The Super Eagles are flying again, under the stewardship of German manager Gernot Rohr. Nigeria are one of the most consistent sides from Africa, with 2006 the only World Cup they have missed since they made their bow on the biggest stage in 1994. After an impressive qualification campaign hopes for this summer were further boosted thanks to a 4-2 friendly win over Group D rivals Argentina last November – and Nigeria will have legitimate hopes of springing a similar surprise in Russia.
Rohr has built a side with a solid spine complemented by a clutch of young, exciting players – there is a real exuberance and verve surrounding Nigeria. Captain John Obi Mikel remains the lynchpin of the side, and he is likely to be joined by one of the most promising young midfielders in the Premier League in Wilfred Ndidi – fitness allowing. Ahead of them Ndidi's Leicester City team-mate Kelechi Iheanacho and Arsenal's Alex Iwobi offer pace in attack with former Watford striker Odion Ighalo expected to lead the line. Chelsea's Victor Moses plays a huge role for his national side down the right. Nigeria's main weakness lies at the back and particularly in goal, with a long-term replacement for Vincent Enyeama – who retired in 2015 – yet to be found.
World Cup moment
Nigeria’s maiden World Cup campaign started with a bang, as the Super Eagles dazzled in Dallas, beating Bulgaria 3-0. They topped their group and faced Italy in the last 16 – Roberto Baggio’s extra-time winner seeing the Azzuri through to the quarter-finals. Four years later they topped their group again – this time a 3-2 win over Spain the highlight.
How did they get here?
Nigeria had one of the toughest African qualification groups but progressed comfortably ahead of Zambia, Cameroon and Algeria with 13 points – their only defeat a dead rubber away to the latter.
Gernot Rohr has rejuvenated a Nigeria side who missed out on qualification for the two African Cup of Nations prior to his arrival. He has embraced youth, building his side around a number of younger stars and it has worked – World Cup qualification ultimately proved simple despite a difficult group.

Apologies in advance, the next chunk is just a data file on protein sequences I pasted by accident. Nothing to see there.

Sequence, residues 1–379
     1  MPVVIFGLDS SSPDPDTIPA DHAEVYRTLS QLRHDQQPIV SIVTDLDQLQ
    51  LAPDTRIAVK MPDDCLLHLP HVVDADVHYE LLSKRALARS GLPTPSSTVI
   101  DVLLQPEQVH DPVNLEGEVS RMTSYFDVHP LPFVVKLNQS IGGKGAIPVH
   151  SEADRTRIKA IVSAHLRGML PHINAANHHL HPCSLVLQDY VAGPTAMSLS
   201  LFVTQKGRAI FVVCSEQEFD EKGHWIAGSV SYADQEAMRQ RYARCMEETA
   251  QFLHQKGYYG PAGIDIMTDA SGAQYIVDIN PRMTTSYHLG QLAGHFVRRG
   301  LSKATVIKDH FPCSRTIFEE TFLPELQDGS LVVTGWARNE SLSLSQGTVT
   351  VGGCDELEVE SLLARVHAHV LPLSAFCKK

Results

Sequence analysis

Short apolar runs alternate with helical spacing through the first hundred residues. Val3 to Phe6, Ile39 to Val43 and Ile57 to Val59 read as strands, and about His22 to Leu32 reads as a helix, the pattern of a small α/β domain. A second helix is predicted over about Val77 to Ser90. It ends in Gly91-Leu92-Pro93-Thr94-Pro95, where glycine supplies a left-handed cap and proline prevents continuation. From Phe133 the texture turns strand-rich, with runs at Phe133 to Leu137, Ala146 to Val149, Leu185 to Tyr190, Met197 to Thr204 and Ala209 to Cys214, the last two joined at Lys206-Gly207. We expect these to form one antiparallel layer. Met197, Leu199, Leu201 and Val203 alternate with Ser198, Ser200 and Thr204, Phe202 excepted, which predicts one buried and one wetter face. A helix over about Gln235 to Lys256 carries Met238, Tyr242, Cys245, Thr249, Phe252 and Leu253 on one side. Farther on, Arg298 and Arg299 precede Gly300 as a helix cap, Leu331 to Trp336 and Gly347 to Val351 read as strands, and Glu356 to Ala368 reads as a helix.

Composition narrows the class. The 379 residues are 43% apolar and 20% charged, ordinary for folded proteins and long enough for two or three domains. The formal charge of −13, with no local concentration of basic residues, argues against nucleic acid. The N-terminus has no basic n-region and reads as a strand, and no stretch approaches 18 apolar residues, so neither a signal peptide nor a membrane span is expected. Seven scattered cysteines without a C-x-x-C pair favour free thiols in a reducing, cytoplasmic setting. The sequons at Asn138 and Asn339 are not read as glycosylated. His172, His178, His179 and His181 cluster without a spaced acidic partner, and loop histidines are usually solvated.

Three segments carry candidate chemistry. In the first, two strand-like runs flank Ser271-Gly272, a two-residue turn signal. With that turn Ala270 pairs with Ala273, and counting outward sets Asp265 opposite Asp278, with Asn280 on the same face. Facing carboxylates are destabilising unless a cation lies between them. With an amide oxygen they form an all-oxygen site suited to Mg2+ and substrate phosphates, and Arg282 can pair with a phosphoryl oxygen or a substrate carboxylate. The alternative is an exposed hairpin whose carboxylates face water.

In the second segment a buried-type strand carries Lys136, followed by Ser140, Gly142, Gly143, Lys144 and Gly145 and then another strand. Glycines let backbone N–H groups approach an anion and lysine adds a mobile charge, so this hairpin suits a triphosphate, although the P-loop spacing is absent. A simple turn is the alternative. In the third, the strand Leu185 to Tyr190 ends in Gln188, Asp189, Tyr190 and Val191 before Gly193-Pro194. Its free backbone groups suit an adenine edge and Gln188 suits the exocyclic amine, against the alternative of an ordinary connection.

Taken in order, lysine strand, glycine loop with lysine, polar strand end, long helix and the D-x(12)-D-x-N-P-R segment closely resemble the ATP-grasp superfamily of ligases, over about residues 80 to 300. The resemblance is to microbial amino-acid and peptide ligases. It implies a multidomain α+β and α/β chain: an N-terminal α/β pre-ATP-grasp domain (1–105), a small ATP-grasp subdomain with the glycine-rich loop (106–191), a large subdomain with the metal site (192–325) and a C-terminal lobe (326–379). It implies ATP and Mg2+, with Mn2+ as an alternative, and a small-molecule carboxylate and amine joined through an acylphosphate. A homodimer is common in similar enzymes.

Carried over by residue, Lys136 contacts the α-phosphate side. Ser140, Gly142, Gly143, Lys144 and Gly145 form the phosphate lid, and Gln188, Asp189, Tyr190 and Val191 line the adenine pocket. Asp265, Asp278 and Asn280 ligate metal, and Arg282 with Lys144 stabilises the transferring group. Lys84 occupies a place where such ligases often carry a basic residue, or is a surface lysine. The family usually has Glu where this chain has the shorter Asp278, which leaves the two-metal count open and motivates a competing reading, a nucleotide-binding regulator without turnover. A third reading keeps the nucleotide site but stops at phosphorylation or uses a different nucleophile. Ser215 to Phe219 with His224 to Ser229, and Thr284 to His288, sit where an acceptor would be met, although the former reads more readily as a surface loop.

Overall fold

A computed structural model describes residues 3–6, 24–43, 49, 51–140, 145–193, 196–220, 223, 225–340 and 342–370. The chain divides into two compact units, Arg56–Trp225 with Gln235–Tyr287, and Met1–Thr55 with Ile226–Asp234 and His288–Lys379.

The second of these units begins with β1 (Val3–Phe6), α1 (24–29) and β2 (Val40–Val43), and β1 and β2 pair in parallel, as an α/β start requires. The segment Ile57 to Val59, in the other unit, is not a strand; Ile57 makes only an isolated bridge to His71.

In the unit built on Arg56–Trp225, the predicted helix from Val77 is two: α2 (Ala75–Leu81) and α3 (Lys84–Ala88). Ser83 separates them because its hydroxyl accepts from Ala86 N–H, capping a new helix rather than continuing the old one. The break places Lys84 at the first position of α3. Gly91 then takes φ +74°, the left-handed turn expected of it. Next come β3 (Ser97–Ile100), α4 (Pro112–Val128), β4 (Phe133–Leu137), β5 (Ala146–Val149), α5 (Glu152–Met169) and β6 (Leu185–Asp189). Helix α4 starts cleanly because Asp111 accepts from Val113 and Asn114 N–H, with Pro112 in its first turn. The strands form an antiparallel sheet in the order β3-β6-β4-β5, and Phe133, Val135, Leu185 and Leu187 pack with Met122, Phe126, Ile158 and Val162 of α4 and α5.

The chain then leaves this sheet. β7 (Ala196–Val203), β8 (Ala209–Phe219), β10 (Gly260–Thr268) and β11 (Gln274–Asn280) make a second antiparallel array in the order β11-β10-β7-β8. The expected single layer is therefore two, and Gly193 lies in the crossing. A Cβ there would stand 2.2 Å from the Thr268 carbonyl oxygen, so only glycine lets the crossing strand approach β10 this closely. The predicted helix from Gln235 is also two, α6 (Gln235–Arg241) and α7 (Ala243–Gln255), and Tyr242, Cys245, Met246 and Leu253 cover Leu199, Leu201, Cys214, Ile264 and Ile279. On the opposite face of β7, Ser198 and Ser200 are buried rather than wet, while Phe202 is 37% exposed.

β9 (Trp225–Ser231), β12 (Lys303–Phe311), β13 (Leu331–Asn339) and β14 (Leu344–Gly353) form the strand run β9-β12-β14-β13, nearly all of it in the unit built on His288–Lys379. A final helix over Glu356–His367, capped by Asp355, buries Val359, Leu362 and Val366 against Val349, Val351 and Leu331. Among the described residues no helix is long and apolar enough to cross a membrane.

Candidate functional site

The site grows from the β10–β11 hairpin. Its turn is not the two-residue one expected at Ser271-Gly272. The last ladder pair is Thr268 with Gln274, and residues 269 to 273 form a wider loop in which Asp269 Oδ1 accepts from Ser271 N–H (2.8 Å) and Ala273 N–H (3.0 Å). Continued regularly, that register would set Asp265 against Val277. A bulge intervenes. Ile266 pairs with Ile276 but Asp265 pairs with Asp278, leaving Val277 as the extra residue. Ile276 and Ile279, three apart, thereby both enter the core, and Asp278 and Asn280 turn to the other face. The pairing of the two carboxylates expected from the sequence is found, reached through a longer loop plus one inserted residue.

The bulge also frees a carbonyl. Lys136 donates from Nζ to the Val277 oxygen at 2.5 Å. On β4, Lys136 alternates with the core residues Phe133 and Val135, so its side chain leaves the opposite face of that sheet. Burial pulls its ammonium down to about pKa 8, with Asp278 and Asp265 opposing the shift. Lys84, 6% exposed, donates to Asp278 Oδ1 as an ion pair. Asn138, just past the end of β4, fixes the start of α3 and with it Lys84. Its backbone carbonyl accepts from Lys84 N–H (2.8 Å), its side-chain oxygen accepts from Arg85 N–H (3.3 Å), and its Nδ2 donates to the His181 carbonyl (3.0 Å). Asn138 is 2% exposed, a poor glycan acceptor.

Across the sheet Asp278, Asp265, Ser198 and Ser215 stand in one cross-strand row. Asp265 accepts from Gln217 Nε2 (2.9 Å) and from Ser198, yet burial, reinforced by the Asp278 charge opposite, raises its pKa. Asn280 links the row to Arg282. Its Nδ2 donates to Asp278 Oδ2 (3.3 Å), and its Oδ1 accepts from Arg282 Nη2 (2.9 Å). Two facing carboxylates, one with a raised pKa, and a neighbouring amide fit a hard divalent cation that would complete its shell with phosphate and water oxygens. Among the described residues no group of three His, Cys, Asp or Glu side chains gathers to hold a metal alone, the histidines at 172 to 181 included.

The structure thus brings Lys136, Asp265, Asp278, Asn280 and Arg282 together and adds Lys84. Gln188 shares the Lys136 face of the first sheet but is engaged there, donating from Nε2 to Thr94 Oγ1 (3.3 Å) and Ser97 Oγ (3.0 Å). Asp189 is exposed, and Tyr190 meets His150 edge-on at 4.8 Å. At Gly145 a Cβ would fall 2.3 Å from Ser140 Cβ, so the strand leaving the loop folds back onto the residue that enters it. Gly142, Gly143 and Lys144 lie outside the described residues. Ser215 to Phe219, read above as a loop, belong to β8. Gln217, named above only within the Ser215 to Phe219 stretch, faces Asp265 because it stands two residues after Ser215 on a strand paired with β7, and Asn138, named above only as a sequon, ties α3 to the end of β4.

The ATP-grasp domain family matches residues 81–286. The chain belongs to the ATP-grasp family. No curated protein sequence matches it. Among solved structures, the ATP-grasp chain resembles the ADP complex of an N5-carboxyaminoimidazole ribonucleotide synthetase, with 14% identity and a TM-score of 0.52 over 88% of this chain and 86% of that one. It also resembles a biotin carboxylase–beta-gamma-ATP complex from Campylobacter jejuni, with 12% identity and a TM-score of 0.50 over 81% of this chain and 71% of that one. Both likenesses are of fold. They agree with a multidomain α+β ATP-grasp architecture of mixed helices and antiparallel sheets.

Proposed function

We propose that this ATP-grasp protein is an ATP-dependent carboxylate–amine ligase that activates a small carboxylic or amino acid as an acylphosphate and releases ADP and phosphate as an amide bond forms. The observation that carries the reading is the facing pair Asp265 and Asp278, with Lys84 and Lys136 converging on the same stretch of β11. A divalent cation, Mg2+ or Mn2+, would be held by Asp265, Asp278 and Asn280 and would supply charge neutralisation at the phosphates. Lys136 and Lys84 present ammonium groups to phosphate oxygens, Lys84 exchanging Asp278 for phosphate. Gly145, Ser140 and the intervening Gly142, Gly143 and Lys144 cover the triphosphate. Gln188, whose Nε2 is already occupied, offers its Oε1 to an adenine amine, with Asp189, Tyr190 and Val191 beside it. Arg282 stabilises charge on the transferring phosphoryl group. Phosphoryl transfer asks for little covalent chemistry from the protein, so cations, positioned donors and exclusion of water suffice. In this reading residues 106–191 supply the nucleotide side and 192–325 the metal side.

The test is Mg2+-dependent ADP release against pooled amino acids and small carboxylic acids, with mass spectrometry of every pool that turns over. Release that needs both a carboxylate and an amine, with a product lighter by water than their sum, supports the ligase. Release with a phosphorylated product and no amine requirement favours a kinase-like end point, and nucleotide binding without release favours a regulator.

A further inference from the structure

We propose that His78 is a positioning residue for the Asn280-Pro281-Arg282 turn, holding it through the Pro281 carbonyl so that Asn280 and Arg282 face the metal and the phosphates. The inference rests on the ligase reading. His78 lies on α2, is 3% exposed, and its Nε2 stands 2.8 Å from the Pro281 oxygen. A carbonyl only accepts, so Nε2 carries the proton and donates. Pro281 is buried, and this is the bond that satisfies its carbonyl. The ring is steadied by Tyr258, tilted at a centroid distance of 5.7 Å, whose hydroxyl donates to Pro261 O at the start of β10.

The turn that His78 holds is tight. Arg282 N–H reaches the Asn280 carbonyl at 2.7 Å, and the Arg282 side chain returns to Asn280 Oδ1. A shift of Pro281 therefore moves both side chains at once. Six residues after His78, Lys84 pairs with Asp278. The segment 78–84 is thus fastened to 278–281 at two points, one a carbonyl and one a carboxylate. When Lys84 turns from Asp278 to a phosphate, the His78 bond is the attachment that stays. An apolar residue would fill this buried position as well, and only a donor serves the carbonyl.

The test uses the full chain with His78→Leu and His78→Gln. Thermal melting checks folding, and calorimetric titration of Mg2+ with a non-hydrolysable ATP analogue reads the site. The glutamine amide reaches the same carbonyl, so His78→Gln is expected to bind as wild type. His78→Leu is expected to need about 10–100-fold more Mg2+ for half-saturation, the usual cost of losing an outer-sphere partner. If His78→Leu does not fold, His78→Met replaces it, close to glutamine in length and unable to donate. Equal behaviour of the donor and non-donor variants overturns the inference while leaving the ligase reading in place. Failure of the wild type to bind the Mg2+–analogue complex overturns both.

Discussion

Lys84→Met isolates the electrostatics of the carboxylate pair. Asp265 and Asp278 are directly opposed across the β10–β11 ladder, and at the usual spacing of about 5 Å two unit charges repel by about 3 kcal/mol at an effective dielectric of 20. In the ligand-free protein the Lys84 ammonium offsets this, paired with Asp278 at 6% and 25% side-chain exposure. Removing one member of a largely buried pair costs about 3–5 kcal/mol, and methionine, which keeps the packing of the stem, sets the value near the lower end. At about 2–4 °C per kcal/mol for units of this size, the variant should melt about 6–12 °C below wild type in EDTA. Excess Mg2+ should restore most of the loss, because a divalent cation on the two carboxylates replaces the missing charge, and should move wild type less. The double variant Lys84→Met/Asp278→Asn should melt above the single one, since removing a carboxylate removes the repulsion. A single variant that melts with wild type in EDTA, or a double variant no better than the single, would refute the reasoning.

The main man
John Obi Mikel anchors the side from midfield, and his experience will be vital in helping the younger players around him on the biggest stage. He is now plying his trade in China, but this World Cup should provide him with a swansong at the elite level.
The one to watch
21-year-old Wilfred Ndidi topped this year's Premier League tackle charts despite missing the closing weeks of the season with a hamstring injury. His 138 tackles put him well clear of Idrissa Gueye (117) and N'Golo Kante (113). He will provide a dynamic, energetic presence in the middle.
Group D is tight, and Nigeria’s hopes of reaching knockouts are likely to hinge on their fixture with Croatia. They will fancy their chances of getting a result against Argentina, but it’s a case of last 16 at best.
Goalkeepers: Ikechukwu Ezenwa (Enyimba), Daniel Akpeyi (Chippa United), Francis Uzoho (Deportivo La Coruna)
Defenders: William Troost-Ekong, Shehu Abdullahi (Bursaspor), Leon Balogun (Brighton) Kenneth Omeruo (Chelsea), Bryan Idowu (Amkar Perm), Chidozie Awaziem (FC Porto), Elderson Echiejile (Cercle Brugge), Tyronne Ebuehi (Benfica)
Midfielders: Mikel Obi (Tianjin Teda), Ogenyi Onazi (Trabzonspor), John Ogu (Hapoel Be'er Sheva), Wilfred Ndidi (Leicester City),Oghenekaro Etebo (CD Feirense), Joel Obi (Torino)
Forwards: Odion Ighalo (Changchun Yatai), Ahmed Musa, Kelechi Iheanacho(Leicester City), Alex Iwobi (Arsenal), Simeon Nwankwo (FC Crotone), Victor Moses (Chelsea)